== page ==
Dreyfus and Kelly’s account of Dante’s psychology is above reproach. It is lucid. It is elegant. It is comprehensive. However, the psychological model underpinning Dante’s characterisation is profoundly alien to our modern eyes. If Paolo and Francesca were so sure as to the ‘right thing’ to do, why did they act otherwise? And, more importantly, how did they act otherwise? Dreyfus and Kelly speak of the couple as suffering from what ancient philosophers called akrasia or weakness of the will, but they do not delve deeply into the psychology of akrasia and the ways in which a mindset characterised by moral certainty and a tendency to akrasia might differ from a modern one. Indeed, as modern disenchanted readers we find it easy to empathise with Charles Bovary’s refusal to condemn his wife because, like him, we have trouble choosing which moral framework to apply to her actions. Should we judge her by the standards of Christianity? Or should we be understanding of the fact that she was trapped in a loveless marriage to a dull and unambitious man? This inability to choose between frameworks is, according to Dreyfus and Kelly, the defining characteristic of our modern disenchanted state:
This sense of certainty is rare in the contemporary world. Indeed, modern life can seem to be defined by its opposite. An unrelenting flow of choices confronts us at nearly every moment of our lives, and most of us could admit to find ourselves at least occasionally wavering.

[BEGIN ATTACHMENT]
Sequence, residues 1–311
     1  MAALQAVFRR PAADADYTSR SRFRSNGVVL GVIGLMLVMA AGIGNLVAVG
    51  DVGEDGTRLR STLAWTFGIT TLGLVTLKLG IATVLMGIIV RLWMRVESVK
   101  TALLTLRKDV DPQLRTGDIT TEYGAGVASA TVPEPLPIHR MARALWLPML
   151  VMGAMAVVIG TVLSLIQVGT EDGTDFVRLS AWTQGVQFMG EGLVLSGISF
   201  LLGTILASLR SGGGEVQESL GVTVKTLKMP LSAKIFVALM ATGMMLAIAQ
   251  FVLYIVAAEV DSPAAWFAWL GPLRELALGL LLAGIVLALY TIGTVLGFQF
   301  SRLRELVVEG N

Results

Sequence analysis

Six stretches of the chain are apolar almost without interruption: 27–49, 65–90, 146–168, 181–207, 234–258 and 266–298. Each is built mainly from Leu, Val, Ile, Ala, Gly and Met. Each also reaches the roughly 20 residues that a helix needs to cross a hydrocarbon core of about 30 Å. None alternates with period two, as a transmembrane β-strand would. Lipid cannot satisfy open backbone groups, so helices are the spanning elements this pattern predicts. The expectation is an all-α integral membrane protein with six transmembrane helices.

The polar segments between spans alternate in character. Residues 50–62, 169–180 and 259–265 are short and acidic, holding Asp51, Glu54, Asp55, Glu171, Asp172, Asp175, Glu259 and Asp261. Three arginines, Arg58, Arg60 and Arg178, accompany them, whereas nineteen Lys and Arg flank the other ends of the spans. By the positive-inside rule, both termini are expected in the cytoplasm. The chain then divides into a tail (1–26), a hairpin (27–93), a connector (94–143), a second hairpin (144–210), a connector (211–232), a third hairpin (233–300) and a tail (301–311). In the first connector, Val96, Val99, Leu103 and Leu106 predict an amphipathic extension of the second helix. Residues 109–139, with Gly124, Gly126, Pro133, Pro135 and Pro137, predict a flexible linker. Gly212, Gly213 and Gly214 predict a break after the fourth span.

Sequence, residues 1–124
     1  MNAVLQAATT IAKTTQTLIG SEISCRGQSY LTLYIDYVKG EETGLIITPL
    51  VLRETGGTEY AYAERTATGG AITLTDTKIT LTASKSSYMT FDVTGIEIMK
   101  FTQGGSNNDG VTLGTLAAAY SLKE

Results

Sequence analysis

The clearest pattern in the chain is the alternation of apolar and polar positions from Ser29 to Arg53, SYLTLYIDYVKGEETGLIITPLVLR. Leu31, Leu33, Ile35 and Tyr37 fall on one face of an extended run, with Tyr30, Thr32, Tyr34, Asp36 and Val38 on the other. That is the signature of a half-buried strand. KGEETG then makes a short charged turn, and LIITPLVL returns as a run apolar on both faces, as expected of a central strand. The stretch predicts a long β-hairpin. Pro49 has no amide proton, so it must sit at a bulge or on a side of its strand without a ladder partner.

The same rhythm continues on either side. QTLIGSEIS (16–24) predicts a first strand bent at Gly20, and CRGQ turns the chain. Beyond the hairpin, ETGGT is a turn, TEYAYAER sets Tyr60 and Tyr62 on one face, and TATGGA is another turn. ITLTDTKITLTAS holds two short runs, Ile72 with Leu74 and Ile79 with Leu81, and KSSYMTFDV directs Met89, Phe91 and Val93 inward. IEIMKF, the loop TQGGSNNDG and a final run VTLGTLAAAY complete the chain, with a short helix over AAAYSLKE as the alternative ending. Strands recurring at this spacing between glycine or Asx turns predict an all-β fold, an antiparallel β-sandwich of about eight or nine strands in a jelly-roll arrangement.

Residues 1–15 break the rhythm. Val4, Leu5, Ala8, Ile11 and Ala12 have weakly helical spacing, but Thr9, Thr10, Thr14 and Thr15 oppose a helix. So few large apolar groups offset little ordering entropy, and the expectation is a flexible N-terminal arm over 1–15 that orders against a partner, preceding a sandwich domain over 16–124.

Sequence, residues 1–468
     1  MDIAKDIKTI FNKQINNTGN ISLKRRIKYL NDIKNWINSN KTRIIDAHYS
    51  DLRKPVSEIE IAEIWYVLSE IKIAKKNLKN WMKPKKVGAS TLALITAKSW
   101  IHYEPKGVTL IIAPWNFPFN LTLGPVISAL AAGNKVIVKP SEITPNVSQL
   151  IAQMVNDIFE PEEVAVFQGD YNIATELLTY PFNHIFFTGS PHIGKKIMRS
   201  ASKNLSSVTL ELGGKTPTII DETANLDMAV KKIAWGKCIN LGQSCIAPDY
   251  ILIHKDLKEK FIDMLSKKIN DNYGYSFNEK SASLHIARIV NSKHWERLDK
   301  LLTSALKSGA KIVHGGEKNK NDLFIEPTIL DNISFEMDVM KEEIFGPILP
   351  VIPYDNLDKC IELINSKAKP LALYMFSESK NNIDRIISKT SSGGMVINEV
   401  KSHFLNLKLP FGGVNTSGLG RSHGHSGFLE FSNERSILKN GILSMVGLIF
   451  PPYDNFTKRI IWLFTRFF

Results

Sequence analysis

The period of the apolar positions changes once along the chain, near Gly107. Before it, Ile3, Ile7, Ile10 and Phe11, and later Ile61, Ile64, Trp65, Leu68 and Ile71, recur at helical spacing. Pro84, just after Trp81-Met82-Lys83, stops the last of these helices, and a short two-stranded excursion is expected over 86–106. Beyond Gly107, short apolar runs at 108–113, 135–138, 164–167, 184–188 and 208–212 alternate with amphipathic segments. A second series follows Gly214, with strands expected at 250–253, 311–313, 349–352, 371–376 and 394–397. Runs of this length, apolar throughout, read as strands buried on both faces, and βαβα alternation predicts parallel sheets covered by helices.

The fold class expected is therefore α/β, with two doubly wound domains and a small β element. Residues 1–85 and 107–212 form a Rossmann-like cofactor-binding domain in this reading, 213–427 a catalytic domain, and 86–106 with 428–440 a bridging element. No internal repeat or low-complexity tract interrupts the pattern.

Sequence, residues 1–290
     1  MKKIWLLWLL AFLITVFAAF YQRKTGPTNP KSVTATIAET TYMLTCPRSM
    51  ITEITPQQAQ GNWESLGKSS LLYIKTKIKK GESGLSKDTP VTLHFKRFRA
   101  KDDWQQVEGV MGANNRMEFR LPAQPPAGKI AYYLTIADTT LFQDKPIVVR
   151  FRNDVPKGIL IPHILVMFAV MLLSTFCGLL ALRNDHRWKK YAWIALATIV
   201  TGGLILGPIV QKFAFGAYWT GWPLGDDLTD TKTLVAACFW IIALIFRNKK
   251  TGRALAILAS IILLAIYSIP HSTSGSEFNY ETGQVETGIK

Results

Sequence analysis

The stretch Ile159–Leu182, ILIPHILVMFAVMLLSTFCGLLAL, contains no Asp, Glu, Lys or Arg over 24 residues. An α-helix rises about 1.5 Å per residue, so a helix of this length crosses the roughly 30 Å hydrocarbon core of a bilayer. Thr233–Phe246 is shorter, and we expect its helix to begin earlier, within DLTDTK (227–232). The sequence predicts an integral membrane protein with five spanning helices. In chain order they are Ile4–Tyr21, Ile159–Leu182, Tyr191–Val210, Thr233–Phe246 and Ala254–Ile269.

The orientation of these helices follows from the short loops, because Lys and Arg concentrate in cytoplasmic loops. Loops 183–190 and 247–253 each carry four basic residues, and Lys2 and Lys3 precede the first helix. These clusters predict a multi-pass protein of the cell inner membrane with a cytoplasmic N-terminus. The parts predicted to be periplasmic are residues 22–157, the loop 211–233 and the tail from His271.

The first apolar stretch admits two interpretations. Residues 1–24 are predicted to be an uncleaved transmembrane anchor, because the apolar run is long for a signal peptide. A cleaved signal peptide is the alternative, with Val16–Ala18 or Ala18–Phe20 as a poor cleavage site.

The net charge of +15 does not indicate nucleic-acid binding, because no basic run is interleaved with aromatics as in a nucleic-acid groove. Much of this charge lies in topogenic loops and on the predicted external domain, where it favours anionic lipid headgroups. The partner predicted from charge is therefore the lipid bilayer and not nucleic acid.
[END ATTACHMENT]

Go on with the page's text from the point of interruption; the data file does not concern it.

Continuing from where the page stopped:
But what is this “wavering” if not akrasia repackaged in existentialist livery? Dante may claim that Paolo and Francesca knew that they were doing wrong but their actions suggest a degree of uncertainty as to whether or not ‘the right thing to do’ was actually the right thing to do in that particular situation. It is my contention that, far from being a modern invention, existential anguish and lack of certainty are fundamental to the human condition. They are necessary by-products of the way in which human consciousness engages with the world. As John Gray puts it in Straw Dogs (2002):
When we are on the point of acting, we cannot predict what we are about to do. Yet when we look back we may see our decision as a step on a path on which we were already bound. We see our thoughts sometimes as events that happen to us, and sometimes as our acts. Our feeling of freedom comes about through switching between these two angles of vision. Free will is a trick of perspective.
While we may not possess free will, our consciousness is such that we cannot help but see ourselves as free. This perception of limitless freedom and responsibility for making choices creates a sense of existential vertigo as we struggle to come to terms with the fact that we could have acted differently and yet did not. This sense of existential vertigo is omnipresent in contemporary intellectual culture because all systems of value are now open to scrutiny, but even if our culture did not tolerate dissent or ‘shopping around’ for values, we would still feel that lack of certainty. We would still feel that lack of meaning. We would still desperately try to latch on to any system that would help our conscious minds make sense of our actions.
Mark Romanek’s adaptation of Kazuo Ishiguro’s Never Let Me Go (2005) explores both the universality of existential anguish and the universality of the need for consolatory myths. Deploying science fictional tropes to create a world in which people’s lives have both a meaning and a purpose, Never Let Me Go suggests that the lost certainty lamented by Romantics is nothing more than another myth concocted as a remedy to our innate sense of alienation from the world.